[Linux-aus] Alternate models?
lucychili at internode.on.net
Mon Jun 26 09:13:03 UTC 2006
Are there good alternate models for sharing information which
are not based on DMCA and publisher right of way?
There must be models which do not make the packager and poster of the
content the primary rights holder in a world where packaging and posting
are the cheapest aspects of the process?
What does a non publisher led industry for distribution of electronic
media look like from a legal perspective?
Is it worth drafting a set of proposed laws which would support our
interests and those of creators and inventors?
As James's blog points out there is a vaccuum where drafting law
or even representing interest on our behalf is concerned.
Perhaps just saying no isn't enough if the politicians do not know how
to make a yes.?
Here's a link to Eben Moglen's motherlode
The Invisible Barbecue, 97 Colum. L. Rev. 945 (1997). PostScript
Seemed to be written for us ;)
The basic distinction usually made, ... is between "telephony" and
"broadcast." Switched communications between peers are conceived as
private, but everything else tends to be seen as the purview of
broadcast. This dichotomy expresses an unarticulated intention to cast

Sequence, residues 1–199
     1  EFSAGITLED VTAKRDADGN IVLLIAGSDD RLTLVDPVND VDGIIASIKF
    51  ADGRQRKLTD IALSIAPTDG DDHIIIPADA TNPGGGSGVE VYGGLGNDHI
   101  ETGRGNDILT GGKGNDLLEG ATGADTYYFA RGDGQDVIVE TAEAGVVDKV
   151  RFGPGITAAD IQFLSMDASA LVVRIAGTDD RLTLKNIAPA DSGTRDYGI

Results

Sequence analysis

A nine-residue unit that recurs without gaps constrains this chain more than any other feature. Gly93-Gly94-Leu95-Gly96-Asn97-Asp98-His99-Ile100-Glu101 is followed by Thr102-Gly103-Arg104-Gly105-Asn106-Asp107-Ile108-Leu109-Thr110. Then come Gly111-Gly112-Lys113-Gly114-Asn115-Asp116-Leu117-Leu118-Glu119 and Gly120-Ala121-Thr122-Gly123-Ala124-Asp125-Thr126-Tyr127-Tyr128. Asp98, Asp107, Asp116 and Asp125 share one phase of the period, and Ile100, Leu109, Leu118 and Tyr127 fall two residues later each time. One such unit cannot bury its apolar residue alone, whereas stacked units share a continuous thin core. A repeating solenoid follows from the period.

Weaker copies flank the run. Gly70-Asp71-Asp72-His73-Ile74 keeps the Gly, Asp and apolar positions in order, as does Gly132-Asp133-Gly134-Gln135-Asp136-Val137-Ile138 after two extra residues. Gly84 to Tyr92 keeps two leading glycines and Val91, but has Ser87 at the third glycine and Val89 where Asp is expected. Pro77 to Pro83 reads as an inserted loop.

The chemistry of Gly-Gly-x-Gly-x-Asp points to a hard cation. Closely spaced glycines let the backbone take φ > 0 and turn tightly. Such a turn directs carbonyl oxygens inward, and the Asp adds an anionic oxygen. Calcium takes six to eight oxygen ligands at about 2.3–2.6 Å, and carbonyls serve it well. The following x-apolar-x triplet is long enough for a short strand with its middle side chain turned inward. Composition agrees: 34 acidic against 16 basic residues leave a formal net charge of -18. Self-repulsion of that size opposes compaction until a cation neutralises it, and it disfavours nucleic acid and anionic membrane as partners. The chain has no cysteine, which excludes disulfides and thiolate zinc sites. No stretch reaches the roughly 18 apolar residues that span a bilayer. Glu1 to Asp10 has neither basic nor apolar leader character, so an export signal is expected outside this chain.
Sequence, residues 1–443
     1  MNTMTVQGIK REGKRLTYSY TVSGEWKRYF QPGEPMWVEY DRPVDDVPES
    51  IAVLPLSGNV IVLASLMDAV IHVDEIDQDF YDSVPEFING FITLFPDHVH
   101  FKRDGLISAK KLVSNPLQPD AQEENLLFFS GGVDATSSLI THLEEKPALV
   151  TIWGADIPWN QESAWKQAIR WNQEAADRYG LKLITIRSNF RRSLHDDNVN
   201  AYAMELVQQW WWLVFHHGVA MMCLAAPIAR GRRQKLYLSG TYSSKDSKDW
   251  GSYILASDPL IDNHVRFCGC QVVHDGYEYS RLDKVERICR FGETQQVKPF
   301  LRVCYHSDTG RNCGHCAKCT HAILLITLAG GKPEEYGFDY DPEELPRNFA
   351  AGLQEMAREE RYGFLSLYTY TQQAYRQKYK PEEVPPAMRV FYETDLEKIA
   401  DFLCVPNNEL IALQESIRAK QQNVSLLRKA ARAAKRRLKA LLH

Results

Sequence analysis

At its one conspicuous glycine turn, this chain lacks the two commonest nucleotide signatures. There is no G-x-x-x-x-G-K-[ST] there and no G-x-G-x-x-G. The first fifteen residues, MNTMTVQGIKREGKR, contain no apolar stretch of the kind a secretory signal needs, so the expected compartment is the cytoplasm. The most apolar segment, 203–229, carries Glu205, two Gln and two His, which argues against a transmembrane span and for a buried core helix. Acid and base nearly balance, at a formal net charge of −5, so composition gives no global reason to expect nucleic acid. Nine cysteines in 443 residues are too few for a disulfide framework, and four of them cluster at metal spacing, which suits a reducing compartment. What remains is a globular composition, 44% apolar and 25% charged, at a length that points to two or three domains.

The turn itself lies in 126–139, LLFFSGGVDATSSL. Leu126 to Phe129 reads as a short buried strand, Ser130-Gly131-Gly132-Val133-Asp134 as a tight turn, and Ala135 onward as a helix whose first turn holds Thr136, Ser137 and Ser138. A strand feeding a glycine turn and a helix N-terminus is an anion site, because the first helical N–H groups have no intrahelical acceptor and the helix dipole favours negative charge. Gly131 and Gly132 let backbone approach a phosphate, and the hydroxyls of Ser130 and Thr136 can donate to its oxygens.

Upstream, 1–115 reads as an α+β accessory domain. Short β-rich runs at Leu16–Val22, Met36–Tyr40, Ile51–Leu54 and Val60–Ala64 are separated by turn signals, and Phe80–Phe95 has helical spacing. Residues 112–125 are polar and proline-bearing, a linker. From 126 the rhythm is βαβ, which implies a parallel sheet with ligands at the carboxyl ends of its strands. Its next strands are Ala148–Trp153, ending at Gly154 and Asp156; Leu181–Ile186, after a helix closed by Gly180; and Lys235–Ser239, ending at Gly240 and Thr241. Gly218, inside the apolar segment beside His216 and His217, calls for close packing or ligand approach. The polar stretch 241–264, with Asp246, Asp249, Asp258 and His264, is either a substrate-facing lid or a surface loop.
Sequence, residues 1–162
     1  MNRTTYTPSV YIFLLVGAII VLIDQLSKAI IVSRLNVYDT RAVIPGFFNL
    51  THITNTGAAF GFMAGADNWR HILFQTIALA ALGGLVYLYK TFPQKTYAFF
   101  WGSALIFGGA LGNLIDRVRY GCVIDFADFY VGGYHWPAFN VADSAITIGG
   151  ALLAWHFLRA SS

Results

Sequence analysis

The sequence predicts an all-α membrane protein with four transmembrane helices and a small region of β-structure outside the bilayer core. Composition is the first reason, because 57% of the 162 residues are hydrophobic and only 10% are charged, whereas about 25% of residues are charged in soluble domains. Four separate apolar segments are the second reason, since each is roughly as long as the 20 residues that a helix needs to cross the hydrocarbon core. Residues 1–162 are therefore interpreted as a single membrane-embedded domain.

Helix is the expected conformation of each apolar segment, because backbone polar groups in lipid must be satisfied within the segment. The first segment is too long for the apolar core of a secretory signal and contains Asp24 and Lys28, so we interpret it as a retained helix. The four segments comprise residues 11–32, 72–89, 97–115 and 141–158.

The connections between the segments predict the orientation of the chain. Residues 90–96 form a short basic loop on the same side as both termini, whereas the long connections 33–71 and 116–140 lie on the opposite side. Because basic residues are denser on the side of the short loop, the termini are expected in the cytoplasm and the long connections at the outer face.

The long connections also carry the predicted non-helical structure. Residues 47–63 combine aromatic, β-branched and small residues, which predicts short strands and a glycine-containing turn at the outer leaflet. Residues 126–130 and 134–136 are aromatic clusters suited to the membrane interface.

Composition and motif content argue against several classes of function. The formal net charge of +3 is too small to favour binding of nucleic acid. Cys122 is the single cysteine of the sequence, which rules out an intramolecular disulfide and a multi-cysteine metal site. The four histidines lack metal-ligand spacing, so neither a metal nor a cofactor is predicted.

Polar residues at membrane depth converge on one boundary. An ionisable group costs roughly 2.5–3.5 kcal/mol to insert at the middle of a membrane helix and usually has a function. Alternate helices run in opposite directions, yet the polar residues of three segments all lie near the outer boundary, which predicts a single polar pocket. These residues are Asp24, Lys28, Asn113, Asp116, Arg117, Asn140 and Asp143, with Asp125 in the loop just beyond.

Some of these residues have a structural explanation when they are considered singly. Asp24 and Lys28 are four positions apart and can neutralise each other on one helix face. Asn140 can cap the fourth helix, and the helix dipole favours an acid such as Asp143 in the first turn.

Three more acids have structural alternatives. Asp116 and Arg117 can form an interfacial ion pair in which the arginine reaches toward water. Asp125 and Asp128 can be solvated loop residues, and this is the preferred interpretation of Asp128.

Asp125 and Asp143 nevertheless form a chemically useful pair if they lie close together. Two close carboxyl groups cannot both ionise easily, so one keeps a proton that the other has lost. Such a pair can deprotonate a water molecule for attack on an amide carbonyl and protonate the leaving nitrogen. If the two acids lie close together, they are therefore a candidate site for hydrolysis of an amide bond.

the information society in an industrial mold. We can all call Aunt
Sally, but only a few of us are "broadcasters," industrial producers of
signal, which all the rest of us merely consume.
This is a metaphor only. As a metaphor it captures some aspects of the
reality it describes. But one of the most important properties of the
new technology is to eliminate the previously high cost of reaching a
large audience. Any individual can reach through the use of network
media such as the World Wide Web an audience far larger than the owner
of several small television stations, and at no cost. The form of
communication achieved is no doubt different, and it is obvious that the
individual UseNet news post has not achieved parity with a television
advertisement for an athletic shoe. But the metaphor of the broadcaster
and the consumer conditions us to accept the maximum possible inequality
as a natural necessity: a few talk and the rest merely listen. Spectrum
need not be allocated around this conception; the historical
justifications for doing so are among the forms of reasoning vitiated by
the rise of complementary carriage technologies and the resulting death
of "scarcity rationales."
Naturally the broadcaster model is favored by those whose economic
interests it favors in turn. The broadcasters and the politicians have
each something to offer the other, and both parties eschew thoughtways
that would reduce the value of what they have to trade. That's how
barbecue guest lists are made. But scholarship has a duty to transcend
such self-serving limitations of discussion.
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